Do Our Children Deserve Peace?

My Dad served in the Korean War.  He rarely talked about it.  I remember once he proudly showed me a photograph of his ship.  He pointed out some of his buddies and told a couple of brief stories.  I asked him what war was like and he did not answer me.  I knew instinctively that he was trying to protect me.

It’s not surprising that many veterans strongly oppose war–because they have actually lived through what war is really like.  Major General Smedley Butler was a very famous World War I veteran. He received two medals of honor, plus 14 other medals–Five of his medals were for heroism.  He is one of the most famous and well-respected U.S. military heros of all time–not only for his heroism, but also for his leadership and his fair and highly functional governance of the geographic areas he was put in charge of in the military.  After  serving as a marine for 34 years in numerous wars and military actions, Smedley Butler began speaking out that war is a scam to make the rich richer.  He wrote 2 books called War Is a racket.  (They have the same title with different subtitles.)  You can read some very important quotes from his books (with citations) at Good Reads here.

He describes his work in the military, “I spent most of my time as a high class muscle man for Big Business, for Wall Street and the bankers.  In short, I was a racketeer, a gangster for capitalism.”  He wrote that he “helped” Tampico in Mexico be safe for American oil interests in 1914.  He states that he made Haiti and Cuba a place that the National City Bank “boys” could make money.   He states that he participated in the gutting of half a dozen Central American republics for the benefit of Wall Street,” (Butler’s word for what happened is much stronger than “gutting”).  In Nicaragua, the military was protecting the corporate agenda of the International Banking House of Brown Brothers in 1902-1912, in the Dominican Republic it was the American sugar interests in 1916, in Honduras it was the American fruit companies in 1903, and in China it was Standard Oil in 1927, he writes.

Smedley Butler describes how young men were manipulated, “Beautiful ideals were painted for our boys who were sent out to die. The was the ‘war to end wars.’ This was the “war to make the world safe for democracy.” No one told them that dollars and cents were the real reason.”  He goes on to say that no one told them that the war was really for huge profits–or that soldiers would be shot with American-made bullets, and torpedoed by American-patented submarines.  “They were just told it was to be a ‘glorious adventure,'” he adds.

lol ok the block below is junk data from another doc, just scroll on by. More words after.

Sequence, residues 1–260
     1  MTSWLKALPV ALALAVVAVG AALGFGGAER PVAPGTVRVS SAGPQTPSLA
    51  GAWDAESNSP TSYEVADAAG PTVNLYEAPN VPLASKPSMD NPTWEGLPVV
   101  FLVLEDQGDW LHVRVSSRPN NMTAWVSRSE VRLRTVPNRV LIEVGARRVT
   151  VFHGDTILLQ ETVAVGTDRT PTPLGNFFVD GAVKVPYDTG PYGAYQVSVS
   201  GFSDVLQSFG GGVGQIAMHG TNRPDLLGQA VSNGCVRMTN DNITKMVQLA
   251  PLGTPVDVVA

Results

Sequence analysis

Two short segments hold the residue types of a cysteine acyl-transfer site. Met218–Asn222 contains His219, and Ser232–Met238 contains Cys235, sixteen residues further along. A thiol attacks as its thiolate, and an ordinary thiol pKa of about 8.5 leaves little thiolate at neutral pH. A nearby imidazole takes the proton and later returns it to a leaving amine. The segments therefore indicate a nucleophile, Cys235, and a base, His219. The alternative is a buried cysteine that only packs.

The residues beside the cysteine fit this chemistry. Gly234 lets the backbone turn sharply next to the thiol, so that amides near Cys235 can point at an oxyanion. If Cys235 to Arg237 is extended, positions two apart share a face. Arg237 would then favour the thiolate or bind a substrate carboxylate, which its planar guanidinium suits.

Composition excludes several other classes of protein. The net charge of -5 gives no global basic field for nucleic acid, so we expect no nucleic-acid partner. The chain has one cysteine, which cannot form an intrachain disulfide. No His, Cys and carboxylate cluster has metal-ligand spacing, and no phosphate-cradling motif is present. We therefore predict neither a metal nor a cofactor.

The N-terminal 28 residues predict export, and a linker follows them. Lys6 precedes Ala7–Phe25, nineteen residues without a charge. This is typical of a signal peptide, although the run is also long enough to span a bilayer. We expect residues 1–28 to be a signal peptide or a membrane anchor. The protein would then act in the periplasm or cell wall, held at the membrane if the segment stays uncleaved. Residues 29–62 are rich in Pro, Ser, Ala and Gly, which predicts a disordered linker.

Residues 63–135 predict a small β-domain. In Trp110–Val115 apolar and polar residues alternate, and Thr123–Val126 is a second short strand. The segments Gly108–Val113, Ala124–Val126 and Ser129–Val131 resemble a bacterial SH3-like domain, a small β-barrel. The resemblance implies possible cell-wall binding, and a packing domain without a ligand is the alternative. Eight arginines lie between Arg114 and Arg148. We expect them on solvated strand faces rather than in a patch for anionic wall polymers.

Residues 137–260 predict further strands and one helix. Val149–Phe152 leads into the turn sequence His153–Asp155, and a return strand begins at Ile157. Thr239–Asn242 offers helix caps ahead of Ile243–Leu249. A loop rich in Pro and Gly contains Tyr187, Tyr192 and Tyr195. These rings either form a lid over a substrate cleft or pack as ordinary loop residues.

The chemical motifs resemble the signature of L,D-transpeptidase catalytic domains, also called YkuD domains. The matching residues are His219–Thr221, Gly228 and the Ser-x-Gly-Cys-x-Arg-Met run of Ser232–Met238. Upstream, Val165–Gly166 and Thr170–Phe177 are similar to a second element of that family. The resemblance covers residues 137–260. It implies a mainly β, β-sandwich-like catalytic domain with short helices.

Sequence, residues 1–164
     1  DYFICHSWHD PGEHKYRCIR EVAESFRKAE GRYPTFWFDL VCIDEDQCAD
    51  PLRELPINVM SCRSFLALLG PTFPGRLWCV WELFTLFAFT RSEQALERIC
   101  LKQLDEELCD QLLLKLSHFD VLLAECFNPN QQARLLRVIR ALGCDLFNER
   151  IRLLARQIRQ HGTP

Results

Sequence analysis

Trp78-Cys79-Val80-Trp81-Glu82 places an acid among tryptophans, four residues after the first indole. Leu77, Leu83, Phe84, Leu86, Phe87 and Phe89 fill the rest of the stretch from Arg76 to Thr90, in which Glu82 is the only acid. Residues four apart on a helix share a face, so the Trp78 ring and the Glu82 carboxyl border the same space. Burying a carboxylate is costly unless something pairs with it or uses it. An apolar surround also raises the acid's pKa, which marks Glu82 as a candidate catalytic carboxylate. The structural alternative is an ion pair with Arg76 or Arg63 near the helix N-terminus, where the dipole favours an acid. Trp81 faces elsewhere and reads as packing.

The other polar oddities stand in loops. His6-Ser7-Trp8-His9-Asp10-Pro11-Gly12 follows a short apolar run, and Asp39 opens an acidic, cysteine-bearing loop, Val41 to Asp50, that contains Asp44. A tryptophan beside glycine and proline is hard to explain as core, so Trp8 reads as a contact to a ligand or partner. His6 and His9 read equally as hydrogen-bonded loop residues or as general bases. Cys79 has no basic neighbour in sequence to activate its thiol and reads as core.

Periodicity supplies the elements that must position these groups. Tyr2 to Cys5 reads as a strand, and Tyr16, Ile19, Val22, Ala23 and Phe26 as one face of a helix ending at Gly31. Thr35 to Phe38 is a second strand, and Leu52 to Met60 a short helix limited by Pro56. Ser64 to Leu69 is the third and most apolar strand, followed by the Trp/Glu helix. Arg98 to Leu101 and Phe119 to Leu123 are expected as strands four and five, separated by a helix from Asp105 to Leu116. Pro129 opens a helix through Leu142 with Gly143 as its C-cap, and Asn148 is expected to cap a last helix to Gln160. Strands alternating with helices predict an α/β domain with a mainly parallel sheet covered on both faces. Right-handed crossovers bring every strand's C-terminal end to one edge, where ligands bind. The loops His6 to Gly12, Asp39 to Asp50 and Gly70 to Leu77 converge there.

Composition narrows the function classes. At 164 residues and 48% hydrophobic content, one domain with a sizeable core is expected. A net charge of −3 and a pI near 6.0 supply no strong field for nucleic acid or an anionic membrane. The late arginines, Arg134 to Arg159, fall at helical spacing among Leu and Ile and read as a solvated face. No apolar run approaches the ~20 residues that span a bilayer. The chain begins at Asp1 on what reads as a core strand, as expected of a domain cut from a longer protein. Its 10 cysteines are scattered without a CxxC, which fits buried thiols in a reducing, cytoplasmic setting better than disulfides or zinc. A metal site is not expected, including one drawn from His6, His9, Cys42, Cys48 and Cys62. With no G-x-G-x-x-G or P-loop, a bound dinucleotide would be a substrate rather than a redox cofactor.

He states that young men were fed propaganda and made to feel ashamed if they did not join the army to fight in World War I:  “Thus, having stuffed patriotism down their throats, it was decided to make them help pay for the war, too.  So, we gave them the large salary of $30 a month!”

Smedley Butler was also a vocal advocate for health care and services for vets who were wounded physically and mentally.  He wrote, “I have visited eighteen government hospitals for veterans. In them are a total of about 50,000 destroyed men — men who were the pick of the nation eighteen years ago.”  He notes that the Chief Surgeon at the Milwaukee government hospital told him that “mortality among veterans is three times as great as among those who stayed at home,” and he adds that there were 3,800 veterans in that hospital, whom he described as “3,800 of the living dead.”

Describing war, Smedley Butler writes that war “is not what it seems to the majority of the people. Only a small ‘inside’ group knows what it is about. It is conducted for the benefit of the very few, at the expense of the very many. Out of war a few people make huge fortunes.”  For more about Smedley Butler see Jules Archer’s book, The Plot to Seize the White House which is about how a group of large corporations tried to get Smedley Butler to mobilize veterans to overthrow President Roosevelt in 1934 so that they could install a fascist dictator–it’s a true story.  Smedley Butler saw through the plan and turned them in!  It’s a fascinating and shocking read!

Militarism and the glorification of war has to be debunked as propaganda and dangerous lies.